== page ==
So, as I'm reading American writers, I though I'd share some of the American poets in this anthology. Anne Bradstreet is considered to be the first American woman poet, although she was born in England in around 1612 & emigrated to Massachusetts with her husband in 1626. This poem, Before the birth of one of her children, is addressed to her husband in the event of her death in childbirth. Anne had eight children, so she must have faced these fears every time. It's such a poignant, loving poem & must have reflected the feelings of every woman who faced the dangers of childbirth until very recent times.
While I was looking up Anne, I discovered that, among her descendants, is another of the American writers I want to read, Sarah Orne Jewett. Maybe it's a sign...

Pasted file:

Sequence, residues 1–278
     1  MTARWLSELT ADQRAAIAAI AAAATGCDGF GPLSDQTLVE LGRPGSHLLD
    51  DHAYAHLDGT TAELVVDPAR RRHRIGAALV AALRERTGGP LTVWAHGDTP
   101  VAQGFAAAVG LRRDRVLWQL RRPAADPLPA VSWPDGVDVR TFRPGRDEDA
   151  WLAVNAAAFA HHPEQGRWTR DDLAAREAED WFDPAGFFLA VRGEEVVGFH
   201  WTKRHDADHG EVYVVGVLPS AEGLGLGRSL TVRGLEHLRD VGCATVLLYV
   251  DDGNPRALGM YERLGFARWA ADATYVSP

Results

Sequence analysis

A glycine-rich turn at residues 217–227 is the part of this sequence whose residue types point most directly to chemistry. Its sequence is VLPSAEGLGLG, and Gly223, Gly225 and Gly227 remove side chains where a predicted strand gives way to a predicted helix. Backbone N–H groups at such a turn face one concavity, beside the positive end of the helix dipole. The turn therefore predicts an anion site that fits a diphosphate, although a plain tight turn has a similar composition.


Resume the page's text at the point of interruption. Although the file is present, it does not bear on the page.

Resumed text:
All things within this fading world hath end,
Adversity doth still our joys attend;
No ties so strong, no friends so dear and sweet,
But with death’s parting blow is sure to meet.
The sentence past is most irrevocable,
A common thing, yet oh inevitable.
How soon, my Dear, death may my steps attend,
How soon’t may be thy Lot to lose thy friend,
We are both ignorant, yet love bids me
These farewell lines to recommend to thee,
That when that knot’s untied that made us one,
I may seem thine, who in effect am none.
And if I see not half my days that’s due,
What nature would, God grant to yours and you;
The many faults that well you know I have
Let be interr’d in my oblivious grave;
If any worth or virtue were in me,
Let that live freshly in thy memory
And when thou feel’st no grief, as I no harms,
Yet love thy dead, who long lay in thine arms.
And when thy loss shall be repaid with gains
Look to my little babes, my dear remains.
And if thou love thyself, or loved’st me,
These O protect from step Dames injury.
And if chance to thine eyes shall bring this verse,
With some sad sighs honour my absent hearse;
And kiss this paper for thy loves dear sake,
Who with salt tears this last Farewell did take.